A message saying "We have to talk." sounds a lot different from "We have to talk 🤣", emojis can help us especially if we don't mean something too seriously, or if we make a statement without a clear emotional attachment to it. The same counts for GIFs. It's true that a picture can say more than 1,000 words, and a GIF consists of several images! So while they may still be looked down upon in a lot of workplaces, make sure to use them to break the tension, add a comedic twist or simply react to something that you don't have words for.

Assistive tech to reduce ambiguity

The good thing about the 21st century is that there is a piece of tech for almost anything. Writing is no exception, and the tools have become increasingly smarter and more context-aware. Spell-checks and Auto-correct have been a thing for a while, but Grammarly for example, in its premium version, is also able to detect better word choices, the overall tone of a sentence and the readability of one of your messages. While engineered for writers, a remote worker with async communication mediums is probably not too far apart from that.

It's also helpful that most communication protocols today allow us to have a rich-text editor. That comes in handy to emphasise different things, put annotations on our texts or break the flow with subtitles. That may feel a little odd for messaging at first, but is probably the ultimate way to structure a message in a way that makes it more readable and easier to understand and break down.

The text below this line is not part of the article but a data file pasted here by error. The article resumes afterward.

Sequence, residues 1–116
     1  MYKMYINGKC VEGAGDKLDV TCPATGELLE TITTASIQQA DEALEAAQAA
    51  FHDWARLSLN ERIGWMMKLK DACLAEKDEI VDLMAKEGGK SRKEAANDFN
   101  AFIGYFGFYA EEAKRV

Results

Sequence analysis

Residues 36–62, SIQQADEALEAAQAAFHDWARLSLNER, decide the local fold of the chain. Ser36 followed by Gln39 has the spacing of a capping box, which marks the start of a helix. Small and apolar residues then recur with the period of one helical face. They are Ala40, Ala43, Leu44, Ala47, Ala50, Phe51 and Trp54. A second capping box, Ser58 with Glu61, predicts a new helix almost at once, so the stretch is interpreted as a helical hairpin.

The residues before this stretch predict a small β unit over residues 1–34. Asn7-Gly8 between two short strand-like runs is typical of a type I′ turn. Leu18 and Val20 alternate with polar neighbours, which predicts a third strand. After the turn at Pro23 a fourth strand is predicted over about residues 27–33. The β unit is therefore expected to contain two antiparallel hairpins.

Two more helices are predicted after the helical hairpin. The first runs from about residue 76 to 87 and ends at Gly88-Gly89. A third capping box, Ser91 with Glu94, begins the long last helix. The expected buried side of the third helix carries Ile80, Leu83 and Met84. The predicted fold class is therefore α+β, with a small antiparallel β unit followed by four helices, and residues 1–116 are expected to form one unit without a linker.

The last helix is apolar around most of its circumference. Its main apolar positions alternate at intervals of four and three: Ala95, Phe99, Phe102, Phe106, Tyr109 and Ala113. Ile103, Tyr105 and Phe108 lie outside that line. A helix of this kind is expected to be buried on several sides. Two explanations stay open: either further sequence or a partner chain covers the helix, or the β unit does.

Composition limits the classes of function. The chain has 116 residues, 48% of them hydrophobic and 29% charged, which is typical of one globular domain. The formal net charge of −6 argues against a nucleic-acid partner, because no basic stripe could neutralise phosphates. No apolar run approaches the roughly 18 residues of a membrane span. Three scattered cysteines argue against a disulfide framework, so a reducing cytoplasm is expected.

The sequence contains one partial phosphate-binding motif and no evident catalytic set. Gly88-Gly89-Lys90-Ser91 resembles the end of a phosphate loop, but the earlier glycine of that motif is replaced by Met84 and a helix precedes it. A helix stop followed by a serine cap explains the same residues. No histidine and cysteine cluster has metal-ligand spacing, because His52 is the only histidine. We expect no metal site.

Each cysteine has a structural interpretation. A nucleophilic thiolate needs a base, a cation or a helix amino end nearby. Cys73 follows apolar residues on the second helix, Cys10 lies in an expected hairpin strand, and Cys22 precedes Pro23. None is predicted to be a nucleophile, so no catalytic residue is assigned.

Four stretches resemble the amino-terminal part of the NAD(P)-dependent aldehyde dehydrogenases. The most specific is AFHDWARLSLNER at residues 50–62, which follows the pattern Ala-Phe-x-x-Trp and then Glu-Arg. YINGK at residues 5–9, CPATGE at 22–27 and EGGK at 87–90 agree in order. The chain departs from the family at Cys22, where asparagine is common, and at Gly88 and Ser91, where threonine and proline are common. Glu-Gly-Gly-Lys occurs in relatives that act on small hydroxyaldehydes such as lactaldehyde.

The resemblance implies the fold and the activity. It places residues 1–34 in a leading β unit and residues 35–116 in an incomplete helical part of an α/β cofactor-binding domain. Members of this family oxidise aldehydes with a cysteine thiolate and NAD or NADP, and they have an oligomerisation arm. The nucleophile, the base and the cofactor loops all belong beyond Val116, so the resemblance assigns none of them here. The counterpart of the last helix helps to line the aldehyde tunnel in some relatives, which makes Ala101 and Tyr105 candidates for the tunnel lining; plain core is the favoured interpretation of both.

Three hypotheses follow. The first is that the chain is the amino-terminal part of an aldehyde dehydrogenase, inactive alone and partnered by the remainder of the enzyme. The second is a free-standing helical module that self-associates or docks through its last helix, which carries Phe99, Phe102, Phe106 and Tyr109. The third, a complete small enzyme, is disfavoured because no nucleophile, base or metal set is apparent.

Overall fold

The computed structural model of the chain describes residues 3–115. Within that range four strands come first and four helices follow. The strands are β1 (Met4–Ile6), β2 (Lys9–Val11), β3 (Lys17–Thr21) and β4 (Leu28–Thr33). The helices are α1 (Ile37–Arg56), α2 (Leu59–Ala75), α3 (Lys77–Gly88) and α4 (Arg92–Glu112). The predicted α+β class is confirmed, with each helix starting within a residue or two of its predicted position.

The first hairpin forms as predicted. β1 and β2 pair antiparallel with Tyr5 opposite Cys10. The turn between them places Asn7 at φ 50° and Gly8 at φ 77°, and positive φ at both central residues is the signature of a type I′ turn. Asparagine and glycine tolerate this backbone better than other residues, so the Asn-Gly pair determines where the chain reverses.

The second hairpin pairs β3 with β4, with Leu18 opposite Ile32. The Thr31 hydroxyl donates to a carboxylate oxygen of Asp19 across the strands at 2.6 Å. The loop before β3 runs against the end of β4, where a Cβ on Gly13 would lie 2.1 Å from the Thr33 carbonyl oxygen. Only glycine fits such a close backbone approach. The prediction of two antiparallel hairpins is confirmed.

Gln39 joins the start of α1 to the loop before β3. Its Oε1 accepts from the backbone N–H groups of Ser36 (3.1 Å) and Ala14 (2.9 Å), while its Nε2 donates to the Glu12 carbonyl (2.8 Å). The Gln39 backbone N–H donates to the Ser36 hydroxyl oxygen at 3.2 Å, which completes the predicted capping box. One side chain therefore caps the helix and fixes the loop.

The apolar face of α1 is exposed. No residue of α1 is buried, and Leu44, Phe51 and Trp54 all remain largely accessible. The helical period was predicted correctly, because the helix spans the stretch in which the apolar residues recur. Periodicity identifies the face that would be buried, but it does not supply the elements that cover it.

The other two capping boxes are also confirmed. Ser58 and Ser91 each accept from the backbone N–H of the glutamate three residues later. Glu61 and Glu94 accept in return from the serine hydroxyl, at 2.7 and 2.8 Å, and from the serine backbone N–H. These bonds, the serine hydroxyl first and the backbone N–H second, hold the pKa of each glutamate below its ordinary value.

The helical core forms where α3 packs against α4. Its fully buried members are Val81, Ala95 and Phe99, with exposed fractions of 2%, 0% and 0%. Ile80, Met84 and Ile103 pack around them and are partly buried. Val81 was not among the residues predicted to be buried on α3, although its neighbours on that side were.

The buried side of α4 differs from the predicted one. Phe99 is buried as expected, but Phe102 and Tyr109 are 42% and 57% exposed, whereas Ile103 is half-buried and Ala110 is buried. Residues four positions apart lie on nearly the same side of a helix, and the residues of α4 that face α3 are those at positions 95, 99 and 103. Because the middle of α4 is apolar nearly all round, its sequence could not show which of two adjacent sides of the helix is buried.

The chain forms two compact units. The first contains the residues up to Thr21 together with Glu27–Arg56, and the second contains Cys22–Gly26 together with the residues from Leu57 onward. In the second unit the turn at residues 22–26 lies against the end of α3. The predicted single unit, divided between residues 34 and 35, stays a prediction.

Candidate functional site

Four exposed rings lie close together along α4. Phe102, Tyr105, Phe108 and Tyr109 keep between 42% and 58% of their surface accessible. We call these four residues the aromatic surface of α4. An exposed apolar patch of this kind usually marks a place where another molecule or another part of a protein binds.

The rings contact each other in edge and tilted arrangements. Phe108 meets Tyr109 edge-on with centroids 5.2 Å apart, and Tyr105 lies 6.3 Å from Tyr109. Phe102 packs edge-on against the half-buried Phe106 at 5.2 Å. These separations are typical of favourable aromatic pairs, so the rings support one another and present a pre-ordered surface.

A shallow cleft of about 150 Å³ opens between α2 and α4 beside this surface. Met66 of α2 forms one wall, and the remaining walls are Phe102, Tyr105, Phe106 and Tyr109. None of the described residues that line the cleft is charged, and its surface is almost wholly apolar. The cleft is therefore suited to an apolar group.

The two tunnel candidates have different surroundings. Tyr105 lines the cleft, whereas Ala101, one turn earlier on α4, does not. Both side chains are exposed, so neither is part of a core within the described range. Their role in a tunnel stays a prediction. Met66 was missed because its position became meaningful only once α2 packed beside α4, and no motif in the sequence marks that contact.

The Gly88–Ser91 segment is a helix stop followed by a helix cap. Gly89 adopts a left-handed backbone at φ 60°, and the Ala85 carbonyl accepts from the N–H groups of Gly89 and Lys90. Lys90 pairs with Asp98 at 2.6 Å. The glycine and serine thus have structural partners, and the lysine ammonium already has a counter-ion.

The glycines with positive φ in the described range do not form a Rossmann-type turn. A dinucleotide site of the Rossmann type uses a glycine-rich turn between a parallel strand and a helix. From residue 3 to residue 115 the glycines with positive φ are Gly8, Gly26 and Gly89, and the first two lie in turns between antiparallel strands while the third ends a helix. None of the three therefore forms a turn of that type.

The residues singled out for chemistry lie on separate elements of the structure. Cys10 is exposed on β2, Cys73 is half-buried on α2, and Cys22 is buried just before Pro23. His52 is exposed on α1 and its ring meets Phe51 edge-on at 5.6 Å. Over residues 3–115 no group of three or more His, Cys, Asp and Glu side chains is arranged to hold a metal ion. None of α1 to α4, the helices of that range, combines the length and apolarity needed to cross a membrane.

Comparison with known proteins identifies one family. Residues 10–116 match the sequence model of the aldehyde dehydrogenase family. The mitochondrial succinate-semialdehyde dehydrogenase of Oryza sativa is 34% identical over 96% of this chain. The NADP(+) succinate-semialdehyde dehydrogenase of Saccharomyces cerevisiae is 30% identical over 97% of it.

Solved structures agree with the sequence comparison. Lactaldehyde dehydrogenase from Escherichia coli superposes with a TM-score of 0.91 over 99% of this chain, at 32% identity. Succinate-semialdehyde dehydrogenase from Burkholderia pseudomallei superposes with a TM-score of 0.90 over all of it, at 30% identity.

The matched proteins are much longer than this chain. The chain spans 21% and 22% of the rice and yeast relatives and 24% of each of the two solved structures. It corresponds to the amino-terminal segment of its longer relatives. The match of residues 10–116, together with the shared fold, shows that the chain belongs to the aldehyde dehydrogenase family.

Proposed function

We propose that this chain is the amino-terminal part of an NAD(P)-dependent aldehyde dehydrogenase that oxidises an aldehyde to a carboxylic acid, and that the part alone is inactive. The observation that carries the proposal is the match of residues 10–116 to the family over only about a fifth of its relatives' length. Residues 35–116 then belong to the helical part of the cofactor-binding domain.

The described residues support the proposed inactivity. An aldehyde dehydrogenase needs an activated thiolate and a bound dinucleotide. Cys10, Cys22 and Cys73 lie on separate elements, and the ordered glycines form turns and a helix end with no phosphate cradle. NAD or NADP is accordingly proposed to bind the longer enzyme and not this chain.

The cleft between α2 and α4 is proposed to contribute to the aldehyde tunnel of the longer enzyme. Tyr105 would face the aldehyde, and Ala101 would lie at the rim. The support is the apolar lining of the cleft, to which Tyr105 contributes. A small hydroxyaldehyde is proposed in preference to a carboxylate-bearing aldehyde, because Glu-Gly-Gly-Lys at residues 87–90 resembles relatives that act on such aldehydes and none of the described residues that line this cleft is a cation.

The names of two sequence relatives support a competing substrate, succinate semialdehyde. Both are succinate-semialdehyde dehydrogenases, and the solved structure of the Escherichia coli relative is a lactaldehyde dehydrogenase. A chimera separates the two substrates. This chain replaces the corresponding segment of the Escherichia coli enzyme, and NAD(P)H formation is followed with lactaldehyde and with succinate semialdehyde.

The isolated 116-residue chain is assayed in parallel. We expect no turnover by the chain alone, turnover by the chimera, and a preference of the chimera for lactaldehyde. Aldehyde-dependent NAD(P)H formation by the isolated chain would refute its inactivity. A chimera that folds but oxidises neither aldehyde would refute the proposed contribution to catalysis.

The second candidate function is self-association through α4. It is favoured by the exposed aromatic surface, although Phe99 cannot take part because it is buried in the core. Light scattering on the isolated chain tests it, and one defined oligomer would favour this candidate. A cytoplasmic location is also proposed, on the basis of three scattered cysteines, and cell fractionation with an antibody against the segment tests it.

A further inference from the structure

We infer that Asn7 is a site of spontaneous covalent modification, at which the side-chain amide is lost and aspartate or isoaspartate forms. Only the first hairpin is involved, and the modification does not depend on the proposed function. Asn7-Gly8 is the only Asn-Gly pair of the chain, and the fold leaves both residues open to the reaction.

Even if the content of a message is fine, the way that it's presented may not be. Especially for Slack, if messages fill up an entire channel, they must belong in a thread. Something like the Threadbot is a useful and very annoying, integration that will nudge your teammates in the right way.

When all things break: using face-to-face efficiently

It would be a miracle if you have never thought that 'this meeting could have been an email', but have you ever thought that 'this email should have been a meeting'? Through writing, discussions are easier to ignore, they stall easier, it comes to misunderstandings a lot easier, and it can be harder to reach a consensus. At some point, someone has to take the executive decision to have a meeting about it and close a discussion once and for all.

One important thing to note is that this is a failure of communication. Either the discussion should have been a meeting to begin with – for example, if a small number of people in the same timezone are concerned with an issue – and then been documented, or it should have been possible to resolve it over a text-based medium.

By taking a decision online and putting it up for discussion there, you might reach a quicker consensus, but you also give up on a few key benefits of written communication:

  • You are giving up on a documented thought process
  • You might be closing out different team members from the process – namely the silent and far away ones
  • You might have wasted time by not taking the decision further
  • Some points made prior in the discussion might not be considered anymore

Doing a switch from async to sync should never be taken lightly, but it's sometimes necessary. Better would be to do things synchronously from the start, in order to save time, or see a discussion through until consensus asynchronously, for example by assigning a person in charge.